Research demonstrates resident doctors are among the most sleep-deprived people in North America, and they often have lower quality sleep. During on-call shifts residents average around two hours of sleep, though one-sixth get no sleep at all. Night float systems are unlikely to make a major difference, as studies found that residents had even lower sleep efficiency on those shifts.
To put it in perspective, at a recent medical education conference, a presenter explained that pilots actually get more sleep than residents, with more rest time between long-haul flights compared to call shifts.
It’s simple: sleep deprivation has a domino effect on everything else. One can’t learn and consolidate information without sufficient sleep. It affects motivation, our food choices (remember that high-carb/-salt/sugar snack you craved after too little sleep), and emotional regulation. These impact patient care and our ability to have civil and professional interactions with them.
The research is quickly expanding in the field. Studies are demonstrating sleep deprivation is a major factor in depression in residents. Further, residents working on-call shifts are less alert compared to those working regular shifts.
Sleep deprivation is not only affecting the person; it’s impacting outcomes. Lack of sleep is associated with an increase in medical errors among residents. This is seen especially if they work over 70 hours a week and get less than 6 hours of sleep a night. They’re also over eight times more likely to omit a crucial patient-care issue. These extended shifts are even putting people at risk outside of the hospital. They triple the risk of a hazardous driving event, with 40% of attendings reporting they’ve fallen asleep while driving.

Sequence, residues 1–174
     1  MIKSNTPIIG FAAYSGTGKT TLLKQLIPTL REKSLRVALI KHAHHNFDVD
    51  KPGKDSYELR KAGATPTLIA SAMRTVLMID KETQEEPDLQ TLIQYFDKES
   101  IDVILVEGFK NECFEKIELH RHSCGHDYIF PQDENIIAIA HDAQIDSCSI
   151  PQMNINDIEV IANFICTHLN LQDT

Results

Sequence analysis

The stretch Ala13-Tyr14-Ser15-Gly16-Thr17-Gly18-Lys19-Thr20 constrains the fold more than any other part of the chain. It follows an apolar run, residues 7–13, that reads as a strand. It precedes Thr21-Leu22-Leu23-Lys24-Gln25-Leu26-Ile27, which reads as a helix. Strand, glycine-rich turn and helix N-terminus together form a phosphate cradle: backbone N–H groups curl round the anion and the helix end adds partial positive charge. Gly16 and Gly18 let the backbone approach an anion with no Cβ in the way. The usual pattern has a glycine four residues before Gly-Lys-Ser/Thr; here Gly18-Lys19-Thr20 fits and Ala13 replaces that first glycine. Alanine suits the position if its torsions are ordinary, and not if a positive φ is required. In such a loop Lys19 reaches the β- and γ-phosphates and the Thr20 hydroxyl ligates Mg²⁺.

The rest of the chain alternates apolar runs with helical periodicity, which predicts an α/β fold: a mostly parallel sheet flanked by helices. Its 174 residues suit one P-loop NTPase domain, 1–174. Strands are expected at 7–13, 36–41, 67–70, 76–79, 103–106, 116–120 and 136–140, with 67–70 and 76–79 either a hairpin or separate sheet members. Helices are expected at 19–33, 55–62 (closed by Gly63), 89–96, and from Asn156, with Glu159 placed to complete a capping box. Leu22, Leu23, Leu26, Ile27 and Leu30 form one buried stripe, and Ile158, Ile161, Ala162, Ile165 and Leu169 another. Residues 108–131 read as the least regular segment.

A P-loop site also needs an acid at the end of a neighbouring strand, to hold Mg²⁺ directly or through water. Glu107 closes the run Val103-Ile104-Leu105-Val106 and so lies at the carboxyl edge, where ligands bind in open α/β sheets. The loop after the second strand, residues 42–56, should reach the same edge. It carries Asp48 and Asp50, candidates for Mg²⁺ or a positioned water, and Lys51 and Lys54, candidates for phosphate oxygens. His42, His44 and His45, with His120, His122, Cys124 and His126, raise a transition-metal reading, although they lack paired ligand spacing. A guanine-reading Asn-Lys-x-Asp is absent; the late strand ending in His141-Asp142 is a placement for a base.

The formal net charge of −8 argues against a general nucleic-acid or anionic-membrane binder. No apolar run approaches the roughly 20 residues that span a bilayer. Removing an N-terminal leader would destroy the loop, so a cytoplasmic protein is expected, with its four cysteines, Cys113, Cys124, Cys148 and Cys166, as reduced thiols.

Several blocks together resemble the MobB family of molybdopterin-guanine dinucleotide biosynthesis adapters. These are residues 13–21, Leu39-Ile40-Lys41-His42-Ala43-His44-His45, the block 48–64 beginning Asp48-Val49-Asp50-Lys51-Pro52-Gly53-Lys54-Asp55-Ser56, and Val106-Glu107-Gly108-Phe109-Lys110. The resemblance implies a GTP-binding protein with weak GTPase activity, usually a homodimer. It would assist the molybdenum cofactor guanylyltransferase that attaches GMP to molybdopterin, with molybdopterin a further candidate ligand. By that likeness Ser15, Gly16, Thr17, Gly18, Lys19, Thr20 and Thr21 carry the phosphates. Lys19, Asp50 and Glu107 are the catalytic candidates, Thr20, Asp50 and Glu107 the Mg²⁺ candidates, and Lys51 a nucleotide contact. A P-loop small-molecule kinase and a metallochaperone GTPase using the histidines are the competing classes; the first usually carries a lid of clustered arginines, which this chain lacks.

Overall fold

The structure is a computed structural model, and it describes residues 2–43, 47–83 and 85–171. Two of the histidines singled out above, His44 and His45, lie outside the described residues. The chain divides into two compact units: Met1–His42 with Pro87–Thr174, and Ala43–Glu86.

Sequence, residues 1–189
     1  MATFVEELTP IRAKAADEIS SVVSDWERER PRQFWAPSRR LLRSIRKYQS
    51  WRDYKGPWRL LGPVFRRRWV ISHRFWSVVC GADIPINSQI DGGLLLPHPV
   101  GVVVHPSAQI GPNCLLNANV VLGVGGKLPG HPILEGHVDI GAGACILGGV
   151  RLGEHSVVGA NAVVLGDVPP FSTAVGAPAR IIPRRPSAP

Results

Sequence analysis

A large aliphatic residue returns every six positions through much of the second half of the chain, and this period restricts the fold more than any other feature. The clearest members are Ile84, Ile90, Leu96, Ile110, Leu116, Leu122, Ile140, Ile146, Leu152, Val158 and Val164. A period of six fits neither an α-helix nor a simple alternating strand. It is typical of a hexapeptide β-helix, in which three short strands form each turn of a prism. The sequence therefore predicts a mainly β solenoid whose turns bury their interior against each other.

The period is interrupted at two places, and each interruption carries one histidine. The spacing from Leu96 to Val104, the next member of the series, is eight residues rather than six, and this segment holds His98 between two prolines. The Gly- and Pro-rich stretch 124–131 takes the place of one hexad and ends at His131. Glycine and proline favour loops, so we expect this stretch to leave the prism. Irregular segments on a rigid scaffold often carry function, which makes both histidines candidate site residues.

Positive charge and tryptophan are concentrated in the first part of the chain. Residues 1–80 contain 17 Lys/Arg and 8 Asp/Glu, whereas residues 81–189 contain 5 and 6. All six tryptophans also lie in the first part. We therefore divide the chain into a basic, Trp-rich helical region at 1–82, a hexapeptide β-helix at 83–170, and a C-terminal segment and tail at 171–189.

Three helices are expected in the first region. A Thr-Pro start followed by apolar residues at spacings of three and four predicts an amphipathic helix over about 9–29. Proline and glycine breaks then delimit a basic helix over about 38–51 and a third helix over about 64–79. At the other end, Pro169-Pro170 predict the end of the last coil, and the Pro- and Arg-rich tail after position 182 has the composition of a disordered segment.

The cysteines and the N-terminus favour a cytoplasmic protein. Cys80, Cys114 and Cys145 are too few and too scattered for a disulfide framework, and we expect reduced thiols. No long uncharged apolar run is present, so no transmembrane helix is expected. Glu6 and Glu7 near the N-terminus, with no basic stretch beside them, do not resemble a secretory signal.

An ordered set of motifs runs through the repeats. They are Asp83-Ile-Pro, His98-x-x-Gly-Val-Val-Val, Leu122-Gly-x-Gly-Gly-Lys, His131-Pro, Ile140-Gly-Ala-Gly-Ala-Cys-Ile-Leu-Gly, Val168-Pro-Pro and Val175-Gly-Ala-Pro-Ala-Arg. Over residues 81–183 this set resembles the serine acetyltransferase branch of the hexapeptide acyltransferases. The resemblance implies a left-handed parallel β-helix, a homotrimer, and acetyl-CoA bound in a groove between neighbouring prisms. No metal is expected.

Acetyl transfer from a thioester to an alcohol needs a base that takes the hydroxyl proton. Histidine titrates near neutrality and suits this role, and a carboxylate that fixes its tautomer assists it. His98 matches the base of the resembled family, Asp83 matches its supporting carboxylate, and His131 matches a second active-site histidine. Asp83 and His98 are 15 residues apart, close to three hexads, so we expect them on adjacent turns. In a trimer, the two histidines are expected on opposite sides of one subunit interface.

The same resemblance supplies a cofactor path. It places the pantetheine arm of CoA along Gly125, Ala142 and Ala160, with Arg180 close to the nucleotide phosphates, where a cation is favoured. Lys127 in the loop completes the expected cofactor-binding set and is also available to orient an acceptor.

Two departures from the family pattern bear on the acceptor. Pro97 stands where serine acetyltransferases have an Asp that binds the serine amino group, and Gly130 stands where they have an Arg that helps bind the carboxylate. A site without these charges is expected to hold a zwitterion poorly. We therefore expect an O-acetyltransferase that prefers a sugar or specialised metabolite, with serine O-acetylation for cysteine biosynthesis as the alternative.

It’s fair to say the decline in cognitive output, emotional well-being, and performance drop-off is becoming more well-defined weekly.
New rules have been placed to prevent some extreme measures of sleep deprivation. But, there is still no “pilot safety” rule. So far, the 16-hour duty limit per day doesn’t seem to impact clinical learning. It’s unclear if it improves resident wellness and patient safety. This is a promising step in the right direction, and heavily under study.
Block scheduling where residents are on call for 2-3 weeks but have 1-2 weeks of ambulatory regular hours has also been shown to help restore sleep schedules while correcting circadian misalignment and sleep debt.
Other research is focusing less on hours, and more on chronotyping to determine optimal productivity. The theory is maximizing each resident’s most alert and responsive times will lead to more efficient hours, better care, and improved happiness. It looks great on paper, but humans are engrained with the same circadian rhythm. So, we’ll see what the data finds.
Treating people like people and prioritizing sleep seems like common sense. But with tight budgets, and high needs, residents still find themselves in a tough place. That said, physician burn out and mental well-being is finally becoming a focus within healthcare. Check back soon as we track efforts by administrators to keep us fresh and contributing.
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